The colonels were given charge of the coup’s theatrical opening. At just after six thirty in the evening on the night of February 23, 1981, as the parliamentary deputies convened for an investiture vote to put Suárez’s successor into power, Lieutenant Colonel Tejero stormed into the Cortes with a team of Civil Guards and, with his pistol and his tricorne, assumed control of the parliament and ordered the assembly onto the floor. The whole country sat and listened on the radio as Colonel Tejero secured the hall, firing two shots into the ceiling, after which his brave cadets proceeded to unload the contents of their automatic weapons over the heads of the defenseless parliamentarians. Closed-captioned cameras captured on video the first thirty-five minutes of the proceedings. In Valencia, Captain Milans del Bosch had already declared a state of emergency and mobilized his troops, and in Madrid the Brunete Armored Division was preparing to take control of the city. General Armada sat at army headquarters, waiting for the call from the King at the Zarzuela Palace to send him into the Cortes to defuse the situation and accept his role as the new leader of a caretaker or coalition or unity government, thereby presenting the success of the coup as the solution to the coup. But, for reasons never wholly clear, or perhaps because the colonels had never quite shared the generals’ vision of the coup, Tejero had fired his weapon in the Cortes, and an attempted soft coup gained the “scenery” of a hard coup. From there the coup began to falter. Outside, no one took to the streets in support of democracy. The ruling and political classes waited cagily.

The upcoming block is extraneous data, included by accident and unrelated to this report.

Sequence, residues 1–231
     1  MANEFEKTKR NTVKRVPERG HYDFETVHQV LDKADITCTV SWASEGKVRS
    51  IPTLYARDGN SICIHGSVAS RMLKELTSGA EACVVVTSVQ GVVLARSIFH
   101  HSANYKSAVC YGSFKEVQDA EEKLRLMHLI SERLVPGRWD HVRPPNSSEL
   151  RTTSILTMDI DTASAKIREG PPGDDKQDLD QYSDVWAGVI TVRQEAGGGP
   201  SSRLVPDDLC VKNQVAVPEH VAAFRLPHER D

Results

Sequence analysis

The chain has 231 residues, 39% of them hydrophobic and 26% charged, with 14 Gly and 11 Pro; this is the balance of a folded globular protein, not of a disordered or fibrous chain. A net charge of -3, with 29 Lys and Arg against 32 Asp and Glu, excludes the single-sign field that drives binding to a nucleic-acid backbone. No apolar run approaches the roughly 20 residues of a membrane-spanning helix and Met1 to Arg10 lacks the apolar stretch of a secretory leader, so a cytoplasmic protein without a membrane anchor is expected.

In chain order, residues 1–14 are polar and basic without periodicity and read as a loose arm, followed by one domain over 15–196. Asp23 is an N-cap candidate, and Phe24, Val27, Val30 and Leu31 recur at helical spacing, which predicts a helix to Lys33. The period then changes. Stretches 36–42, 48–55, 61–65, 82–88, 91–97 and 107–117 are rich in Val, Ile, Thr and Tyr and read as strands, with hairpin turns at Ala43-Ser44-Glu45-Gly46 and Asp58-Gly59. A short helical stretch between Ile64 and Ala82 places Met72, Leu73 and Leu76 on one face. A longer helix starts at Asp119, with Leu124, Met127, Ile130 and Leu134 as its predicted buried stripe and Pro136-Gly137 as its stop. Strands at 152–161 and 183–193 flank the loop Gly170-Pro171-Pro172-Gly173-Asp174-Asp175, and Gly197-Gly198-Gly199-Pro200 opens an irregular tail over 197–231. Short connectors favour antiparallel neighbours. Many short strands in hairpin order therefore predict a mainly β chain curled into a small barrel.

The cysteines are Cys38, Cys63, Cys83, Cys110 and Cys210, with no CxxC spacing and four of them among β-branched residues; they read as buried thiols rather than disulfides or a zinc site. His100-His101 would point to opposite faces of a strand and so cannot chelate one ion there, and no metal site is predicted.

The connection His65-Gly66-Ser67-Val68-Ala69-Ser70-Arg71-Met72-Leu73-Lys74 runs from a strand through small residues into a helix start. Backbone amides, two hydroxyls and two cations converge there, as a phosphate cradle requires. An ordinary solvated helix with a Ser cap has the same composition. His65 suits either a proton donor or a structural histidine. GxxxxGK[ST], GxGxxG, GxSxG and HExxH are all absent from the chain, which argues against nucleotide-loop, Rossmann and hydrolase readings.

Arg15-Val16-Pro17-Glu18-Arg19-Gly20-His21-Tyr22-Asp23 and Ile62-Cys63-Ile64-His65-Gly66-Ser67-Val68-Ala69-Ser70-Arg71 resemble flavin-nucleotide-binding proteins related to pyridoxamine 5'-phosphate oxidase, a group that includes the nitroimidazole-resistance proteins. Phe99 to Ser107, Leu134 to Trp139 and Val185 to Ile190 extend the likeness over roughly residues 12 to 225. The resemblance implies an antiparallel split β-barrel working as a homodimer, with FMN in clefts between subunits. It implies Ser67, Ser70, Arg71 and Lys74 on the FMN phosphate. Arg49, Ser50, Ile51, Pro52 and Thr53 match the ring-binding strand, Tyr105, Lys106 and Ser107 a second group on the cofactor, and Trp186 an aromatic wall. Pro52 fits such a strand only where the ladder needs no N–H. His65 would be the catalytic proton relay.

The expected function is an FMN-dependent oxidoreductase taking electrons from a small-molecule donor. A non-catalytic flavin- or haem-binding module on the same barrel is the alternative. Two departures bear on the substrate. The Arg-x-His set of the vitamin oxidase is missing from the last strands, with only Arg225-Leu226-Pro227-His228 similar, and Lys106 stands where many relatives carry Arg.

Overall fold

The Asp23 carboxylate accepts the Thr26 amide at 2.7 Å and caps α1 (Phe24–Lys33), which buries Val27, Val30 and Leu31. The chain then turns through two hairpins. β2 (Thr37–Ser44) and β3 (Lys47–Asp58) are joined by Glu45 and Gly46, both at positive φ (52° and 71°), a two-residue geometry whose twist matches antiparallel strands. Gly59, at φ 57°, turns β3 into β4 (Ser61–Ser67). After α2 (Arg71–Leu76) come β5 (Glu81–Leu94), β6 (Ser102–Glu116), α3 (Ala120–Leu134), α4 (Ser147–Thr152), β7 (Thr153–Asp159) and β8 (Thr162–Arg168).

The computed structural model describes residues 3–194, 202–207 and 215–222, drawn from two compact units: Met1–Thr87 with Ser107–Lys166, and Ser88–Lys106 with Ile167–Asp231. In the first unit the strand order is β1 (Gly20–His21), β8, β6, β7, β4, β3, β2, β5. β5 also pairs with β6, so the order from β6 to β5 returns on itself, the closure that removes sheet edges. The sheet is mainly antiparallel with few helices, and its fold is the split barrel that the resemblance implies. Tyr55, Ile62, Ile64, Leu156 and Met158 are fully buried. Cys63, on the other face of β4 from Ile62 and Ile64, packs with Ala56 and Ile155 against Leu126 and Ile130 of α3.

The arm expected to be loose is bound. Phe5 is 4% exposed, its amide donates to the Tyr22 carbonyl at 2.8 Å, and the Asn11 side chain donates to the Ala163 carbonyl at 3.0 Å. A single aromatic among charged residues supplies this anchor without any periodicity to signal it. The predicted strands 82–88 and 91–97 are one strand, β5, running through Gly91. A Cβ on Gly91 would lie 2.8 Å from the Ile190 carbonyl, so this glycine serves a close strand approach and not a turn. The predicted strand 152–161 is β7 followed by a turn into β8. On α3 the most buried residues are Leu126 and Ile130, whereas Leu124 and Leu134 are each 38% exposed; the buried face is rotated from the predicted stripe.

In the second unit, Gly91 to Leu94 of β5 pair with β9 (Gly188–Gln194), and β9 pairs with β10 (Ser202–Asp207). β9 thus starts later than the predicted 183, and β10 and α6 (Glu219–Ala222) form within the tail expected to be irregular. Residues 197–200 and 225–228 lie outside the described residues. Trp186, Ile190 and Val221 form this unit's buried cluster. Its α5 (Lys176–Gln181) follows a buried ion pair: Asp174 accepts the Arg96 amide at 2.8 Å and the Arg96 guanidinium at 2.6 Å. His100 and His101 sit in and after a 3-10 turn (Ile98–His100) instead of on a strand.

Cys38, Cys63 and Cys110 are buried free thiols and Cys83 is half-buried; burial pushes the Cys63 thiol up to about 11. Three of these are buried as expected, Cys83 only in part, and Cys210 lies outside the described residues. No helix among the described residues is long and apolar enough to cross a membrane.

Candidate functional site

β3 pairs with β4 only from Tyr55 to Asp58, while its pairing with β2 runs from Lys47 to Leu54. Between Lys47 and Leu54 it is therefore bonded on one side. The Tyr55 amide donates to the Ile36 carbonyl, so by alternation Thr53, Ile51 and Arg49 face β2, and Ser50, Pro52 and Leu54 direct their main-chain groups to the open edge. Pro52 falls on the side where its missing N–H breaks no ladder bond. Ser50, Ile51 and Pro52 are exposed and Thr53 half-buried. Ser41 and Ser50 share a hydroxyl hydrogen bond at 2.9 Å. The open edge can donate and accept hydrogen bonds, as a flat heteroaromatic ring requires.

As shots rang out, the assembled men and women followed the order to crouch under their benches. Everyone, that is, except for three men. The first was Adolfo Suárez; the second was his deputy prime minister, General Manuel Gutiérrez Mellado; the third was the long-exiled head of the Spanish Communist Party, Santiago Carrillo.
Mellado, the bespectacled 68-year-old general, tried to grab Tejero’s pistol, was shoved away roughly by several of the cadets, and then stood, in serene, fearless, outraged shock, while the cadets unloaded their weapons. Carrillo, the communist, quietly smoked a cigarette. And Suárez remained seated, in the book’s steady refrain, “solitary, spectral, statuesque in a desert of empty benches,” while “bullets whizzed through the air around him.”
Cercas writes that this was a courageous gesture, and a graceful gesture, and both an affirmative and a negative gesture, and a supreme gesture of liberty, and a histrionic gesture: “the gesture of a man playing a role.” It was also a posthumous gesture, the gesture of a man politically finished and personally broken by accusations of betrayal from every quarter. It was also, finally, an inexplicable gesture, an inexhaustible gesture, and, for reasons Cercas can explain only as he concludes, his history can describe the gesture but cannot pretend to know what it meant.